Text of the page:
5:1-2 Unlike Luke's sermon, this is more clearly directed at not only the disciples, but also the crowds. While Luke's sermon doesn't omit the crowds, Jesus still clearly raises his eyes and looks at his disciples when he speaks. In addition, this chapter does not immediately follow the one preceding. Its location in the Book of Matthew is an indication of its importance.
5:3-12 The Beatitudes do match up perfectly between Matthew and Luke. This is not to say that Jesus did not say them all; it is to say that they were recorded differently by different authors. This is logical, as it is unlikely any of the disciples sat taking notes while Jesus talked. In addition, most scholars believe the great discourses recorded to have been combinations of teachings given by Jesus over time...thus while they are a true presentation of the substance, they may not be exact quotes of Jesus.
All of the Beatitudes can be viewed in two lights: as literal (aka- those who mourn...those who mourn for loved ones or are sad) and as spiritual (aka- those who mourn for their sins). It depends upon the scholar as to which view (or both) they subscribe to.
5:3 In the OT, the poor in spirit referred to those without material possession, but whose confidence is in God. "In spirit" is meant to be extended to all, whatever their wealth, who recognize their complete dependence on God. We could also read "poor in spirit" as "humble." Luke simply says "blessed are you who are poor."
5:4 Mourn for their sins, not worldly mourning.
5:5 In the OT, "the land" meant the land of Palestine. Here it references the kingdom of heaven.
5:8 We should note the emphasis here between the purity of the heart (which includes thought, intention, emotion, and moral disposition) versus the ritual cleanliness (purity) practiced and required by the law.
5:9 This does not apply just to peacemakers between the nations. It applies to those who try to sow peace in their everyday lives, reducing conflict, etc.
5:10 Righteousness: here, as usually in Matthew, means conduct in conforming with God's will.
5:13-16 By their deeds the disciples are to influence the world for good. If they fail in good works, they are as useless as flavorless salt or a lamp whose light is concealed.
5:17-48 See Bible study for this section.
5:22 The concept of punishment of sinners by fire either after death or after the final judgment is found in Jewish apocalyptic literature (e.g. Enoch), but the name 'Geenna' is first given to the place of punishment in the NT.
5:26 The severity of the judge in the parable is a warning of the fate of unrepentant sinners in the coming judgment by God.
5:29-30 No sacrifice is too great to avoid total destruction in Gehenna. Actual physical mutilation is not being advocated.
5:31 In the OT, it is commanded that a bill of divorce be given to a woman; this statement implies the legitimacy of divorce. Here Jesus is making it clear that divorce is NOT acceptable.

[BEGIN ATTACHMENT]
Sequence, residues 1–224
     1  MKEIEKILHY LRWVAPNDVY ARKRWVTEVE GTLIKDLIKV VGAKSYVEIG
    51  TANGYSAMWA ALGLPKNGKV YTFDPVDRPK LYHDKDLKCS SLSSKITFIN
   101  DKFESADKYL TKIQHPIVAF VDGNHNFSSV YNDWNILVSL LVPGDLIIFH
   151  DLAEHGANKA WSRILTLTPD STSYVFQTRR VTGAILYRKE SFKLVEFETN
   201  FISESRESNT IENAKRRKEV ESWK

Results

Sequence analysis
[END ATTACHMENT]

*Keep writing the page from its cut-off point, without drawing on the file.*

5:33-37 It is debatable whether Jesus was prohibiting all oath taking or just the practice of frequent, common oaths that don't respect the seriousness of oath taking.
5:38-42 The OT meaning of "eye for an eye" was intended to moderate punishment; during those times it was common for people to kill in retaliation for theft, for example. In the NT, Jesus goes further and says even this proportionate retaliation is not acceptable.
5:39 What is here commanded is a Christian patience under injuries and affronts and to be willing even to suffer still more, rather than to indulge the desire of revenge. This does not mean one may not calmly go to the law for redress of injury or, perhaps, in some circumstances, sanction war in extreme cases.
5:46 The tax collectors of the time were a set of men, odious and infamous among the Jews, for their extortions and injustice.
5:48 In the gospels, the word 'perfect' occurs only in Matthew, here and in Matthew 19:21. The Lucan parallel demands that the disciples be merciful. We are to imitate, as far as we can with our human limitations, the divine perfection.
Jennifer Becker Landsberger
Who am I? Freelance writer (magazines, websites, & copywriting), Catholic, military wife, and Mensan. Double Bachelor's in History & Psychology.
Witnessing by charity and love are above all. Studying the Bible and beyond helps me on this quest. Feel free to join my walk into the Bible.
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~~~Prayer before Writing-
Oh creator of the universe, who has set the stars in the heavens and causes the sun to rise and set, shed the light of your wisdom into the darkness of my mind. Fill my thoughts with a loving knowledge of you, that I may bring you like to others. Just as you can make even babies speak your truth, instruct my tongue and guide my pen to convey the wonderful glory of the Gospel. Make my intellect sharp, my memory clear, and my words eloquent, so that I may faithfully interpret the mysteries what you have revealed.
To my readers & fellow writers,
1. I will pray that God's grace helps illuminate all of our interactions- both those of simple reading and more active conversations.
2. I will communicate with you respectfully and civilly. These are (rightly) issues which we feel passionate about. But even in disagreements, I will respect you fellow "seekers of truth."
3. I will not fall into negative behavior or words, such as insinuations, exaggerations, blames, or personal attacks. I respectfully ask you to do the same.
4. I will pray we will all find the truth and strive to fulfill the two greatest commandments: "You shall love the Lord your God with all your heart, with all your soul, with all your mind, and with all your strength.’ The second is this: ‘You shall love your neighbor as yourself.’ There is no other commandment greater than these." (Mark 12:30-31)
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Sites I Recommend
Biblical Evidence for Catholicism by Dave Armstrong